imagine spending a Weekend afternoons at the art museum with friends: nodding with arms crossed, desperately searching for insightful words to say. The vast majority of paintings you walk by are instantly forgotten, but some stay in your mind. As it turns out, there’s a good chance that the painting you remember is the same one that other people drew.
There’s a scientific term for it: image memory. “Essentially, there are some internal patterns that make some content more memorable than others,” says Camilo Fosco, a computer science doctoral student at MIT and chief technology officer at Memorable AI, a startup that uses machine learning to test how attractive content is to advertisers and creators. In other words, certain works of art have “something unspeakable”—and now, a team of scientists is using artificial intelligence to figure out what it is.
In a study published earlier this month Proceedings of the National Academy of Sciences, University of Chicago researchers Trent Davis and Wilma Bainbridge have shown that the memorability of artwork is not only consistent across people, but also predictable by artificial intelligence. In an online experiment, they pulled about 4,000 paintings from the Art Institute of Chicago’s database, excluding any paintings the school marked as “enhanced” or particularly famous. Hundreds of images were viewed by more than 3,200 people, approximately 40 people per painting. Volunteers were then shown paintings they had seen and paintings they hadn’t seen and asked if they remembered them. People are really consistent — everyone tends to remember (or forget) the same images.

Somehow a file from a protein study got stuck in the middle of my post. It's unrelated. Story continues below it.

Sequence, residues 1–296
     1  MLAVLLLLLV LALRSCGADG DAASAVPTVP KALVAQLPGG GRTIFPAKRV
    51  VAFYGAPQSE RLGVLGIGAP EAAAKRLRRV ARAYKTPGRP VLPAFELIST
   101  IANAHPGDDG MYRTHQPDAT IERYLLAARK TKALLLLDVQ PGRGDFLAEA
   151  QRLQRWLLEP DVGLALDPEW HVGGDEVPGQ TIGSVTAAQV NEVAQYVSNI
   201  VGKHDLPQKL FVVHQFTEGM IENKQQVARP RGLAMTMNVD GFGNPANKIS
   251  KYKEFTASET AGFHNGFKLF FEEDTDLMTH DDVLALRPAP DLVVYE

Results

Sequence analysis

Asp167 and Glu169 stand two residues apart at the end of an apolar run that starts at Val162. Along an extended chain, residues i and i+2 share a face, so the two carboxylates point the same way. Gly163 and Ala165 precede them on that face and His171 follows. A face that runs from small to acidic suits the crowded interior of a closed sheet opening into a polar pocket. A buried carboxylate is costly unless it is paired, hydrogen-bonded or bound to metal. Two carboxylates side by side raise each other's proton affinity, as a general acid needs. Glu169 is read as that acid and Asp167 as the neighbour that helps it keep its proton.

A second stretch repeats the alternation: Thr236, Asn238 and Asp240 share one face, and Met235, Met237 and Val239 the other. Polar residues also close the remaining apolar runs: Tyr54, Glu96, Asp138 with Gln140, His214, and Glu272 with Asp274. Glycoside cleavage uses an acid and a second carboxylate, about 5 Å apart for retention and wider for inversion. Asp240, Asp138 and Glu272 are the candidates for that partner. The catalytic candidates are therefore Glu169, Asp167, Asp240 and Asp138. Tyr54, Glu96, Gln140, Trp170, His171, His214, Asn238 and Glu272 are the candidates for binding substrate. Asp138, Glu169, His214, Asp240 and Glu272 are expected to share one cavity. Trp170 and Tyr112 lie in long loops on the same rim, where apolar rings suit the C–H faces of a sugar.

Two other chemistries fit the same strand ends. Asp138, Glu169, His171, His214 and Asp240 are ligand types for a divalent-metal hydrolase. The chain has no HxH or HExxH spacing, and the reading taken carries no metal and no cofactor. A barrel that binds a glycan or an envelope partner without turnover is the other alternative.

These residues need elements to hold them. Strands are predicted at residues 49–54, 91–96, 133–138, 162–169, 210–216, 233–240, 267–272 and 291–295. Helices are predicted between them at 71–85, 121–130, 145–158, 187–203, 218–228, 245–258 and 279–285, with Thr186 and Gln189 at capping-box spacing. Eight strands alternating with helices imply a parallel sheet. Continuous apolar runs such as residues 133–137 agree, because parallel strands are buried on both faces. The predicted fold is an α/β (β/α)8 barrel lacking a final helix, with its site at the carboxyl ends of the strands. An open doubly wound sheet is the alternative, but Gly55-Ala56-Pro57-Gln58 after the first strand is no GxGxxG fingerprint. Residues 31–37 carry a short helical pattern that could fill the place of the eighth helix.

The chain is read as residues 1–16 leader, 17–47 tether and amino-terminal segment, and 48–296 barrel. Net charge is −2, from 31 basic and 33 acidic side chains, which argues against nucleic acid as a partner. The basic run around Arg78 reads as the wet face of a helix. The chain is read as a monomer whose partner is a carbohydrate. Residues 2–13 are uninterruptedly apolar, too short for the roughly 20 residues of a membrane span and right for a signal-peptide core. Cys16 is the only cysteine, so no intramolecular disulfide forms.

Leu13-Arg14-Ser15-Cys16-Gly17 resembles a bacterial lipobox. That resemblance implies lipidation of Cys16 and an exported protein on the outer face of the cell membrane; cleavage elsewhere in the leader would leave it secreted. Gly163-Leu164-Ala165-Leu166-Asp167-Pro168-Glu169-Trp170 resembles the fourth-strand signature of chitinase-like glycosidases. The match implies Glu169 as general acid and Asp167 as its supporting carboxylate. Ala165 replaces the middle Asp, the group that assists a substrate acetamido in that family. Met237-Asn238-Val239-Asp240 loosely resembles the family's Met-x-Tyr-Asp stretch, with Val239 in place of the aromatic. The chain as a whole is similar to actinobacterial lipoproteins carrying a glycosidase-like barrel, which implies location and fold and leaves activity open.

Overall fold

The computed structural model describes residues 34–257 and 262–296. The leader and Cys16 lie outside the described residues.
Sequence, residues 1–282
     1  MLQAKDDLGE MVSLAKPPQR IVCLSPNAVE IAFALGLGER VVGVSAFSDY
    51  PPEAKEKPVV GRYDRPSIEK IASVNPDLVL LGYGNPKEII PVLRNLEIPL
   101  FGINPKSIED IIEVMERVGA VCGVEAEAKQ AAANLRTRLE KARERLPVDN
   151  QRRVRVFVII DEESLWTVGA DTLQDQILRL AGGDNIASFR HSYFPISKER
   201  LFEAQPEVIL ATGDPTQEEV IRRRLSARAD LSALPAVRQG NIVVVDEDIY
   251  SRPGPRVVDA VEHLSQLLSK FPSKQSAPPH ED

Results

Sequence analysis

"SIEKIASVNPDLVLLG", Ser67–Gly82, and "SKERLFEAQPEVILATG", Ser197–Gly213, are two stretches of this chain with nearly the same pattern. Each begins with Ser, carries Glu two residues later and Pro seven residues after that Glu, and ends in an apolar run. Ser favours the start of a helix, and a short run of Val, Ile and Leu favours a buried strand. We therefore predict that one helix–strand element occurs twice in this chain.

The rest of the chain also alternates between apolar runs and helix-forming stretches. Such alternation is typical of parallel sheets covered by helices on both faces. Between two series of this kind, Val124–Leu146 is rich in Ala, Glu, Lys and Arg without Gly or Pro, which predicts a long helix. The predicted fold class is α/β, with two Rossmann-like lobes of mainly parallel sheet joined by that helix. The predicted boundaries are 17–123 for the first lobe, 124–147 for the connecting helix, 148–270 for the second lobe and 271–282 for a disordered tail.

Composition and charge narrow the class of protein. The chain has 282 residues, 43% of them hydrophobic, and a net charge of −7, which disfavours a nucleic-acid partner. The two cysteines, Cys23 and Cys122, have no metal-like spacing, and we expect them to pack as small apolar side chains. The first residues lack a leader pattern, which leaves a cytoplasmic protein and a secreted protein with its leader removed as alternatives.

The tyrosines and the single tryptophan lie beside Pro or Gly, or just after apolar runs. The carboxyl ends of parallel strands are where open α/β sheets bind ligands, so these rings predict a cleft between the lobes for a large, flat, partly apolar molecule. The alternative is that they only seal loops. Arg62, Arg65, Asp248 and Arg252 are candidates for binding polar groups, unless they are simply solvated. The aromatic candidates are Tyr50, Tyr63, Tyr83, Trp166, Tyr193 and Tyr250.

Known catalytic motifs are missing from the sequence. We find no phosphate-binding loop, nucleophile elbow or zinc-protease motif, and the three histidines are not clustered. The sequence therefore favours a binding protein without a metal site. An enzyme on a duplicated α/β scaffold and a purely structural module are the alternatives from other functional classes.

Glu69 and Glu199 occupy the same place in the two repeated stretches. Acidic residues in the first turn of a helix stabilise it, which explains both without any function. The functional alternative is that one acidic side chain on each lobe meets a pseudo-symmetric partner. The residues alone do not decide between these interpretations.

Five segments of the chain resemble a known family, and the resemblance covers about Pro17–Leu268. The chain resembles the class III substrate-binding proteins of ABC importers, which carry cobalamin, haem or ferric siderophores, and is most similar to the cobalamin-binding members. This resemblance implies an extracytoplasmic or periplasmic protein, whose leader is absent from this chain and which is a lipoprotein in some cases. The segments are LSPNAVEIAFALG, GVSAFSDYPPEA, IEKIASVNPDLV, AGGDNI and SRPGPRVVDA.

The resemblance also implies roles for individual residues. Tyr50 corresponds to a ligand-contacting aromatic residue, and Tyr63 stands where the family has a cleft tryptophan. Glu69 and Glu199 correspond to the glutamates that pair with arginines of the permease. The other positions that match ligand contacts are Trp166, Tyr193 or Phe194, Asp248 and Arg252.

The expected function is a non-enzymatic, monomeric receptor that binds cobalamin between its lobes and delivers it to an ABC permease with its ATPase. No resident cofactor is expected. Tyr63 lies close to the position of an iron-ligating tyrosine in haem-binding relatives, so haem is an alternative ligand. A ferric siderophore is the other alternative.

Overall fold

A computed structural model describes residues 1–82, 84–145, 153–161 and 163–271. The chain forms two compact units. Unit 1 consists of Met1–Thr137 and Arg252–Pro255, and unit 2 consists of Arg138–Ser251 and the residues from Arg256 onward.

Using a deep learning neural network called ResMem (designed by data scientist Coen Needell as part of his master’s thesis in the Bainbridge Psychology Laboratory), the research team was able to predict the likelihood of each painting being memorable. ResMem roughly mimics how the human visual system transfers information from the retina to the cortex, first processing basic information such as edges, textures, and patterns, and then expanding to more abstract information such as object meaning. Its memory scores correlated well with scores given by people in online experiments—even though the AI knew nothing about each artwork’s cultural background, popularity, or significance.
Counterintuitively, these findings suggest that our memory for art has less to do with the subjective experience of beauty and personal meaning, and more to do with the artwork itself—which could have major implications for artists, advertisers, educators, and anyone else who wishes to keep their content in your brain. “You might think that art is a very subjective thing,” Bainbridge said, “but people are surprisingly consistent about what they remember and what they forget.”
While the online experiment was an interesting start, she continued, “It would be even more interesting if we could predict memories in the real world.” So Bainbridge, along with Davis, then an undergraduate double majoring in neuroscience and visual arts, recruited 19 more people and had them actually wander through the museum’s American Art section, like exploring with a friend. The only requirement is that they see each piece at least once. “Especially as an artist myself, I want to apply the results to the real world,” says Davis, now the lab manager. “We wanted it to be a natural and enjoyable museum experience.”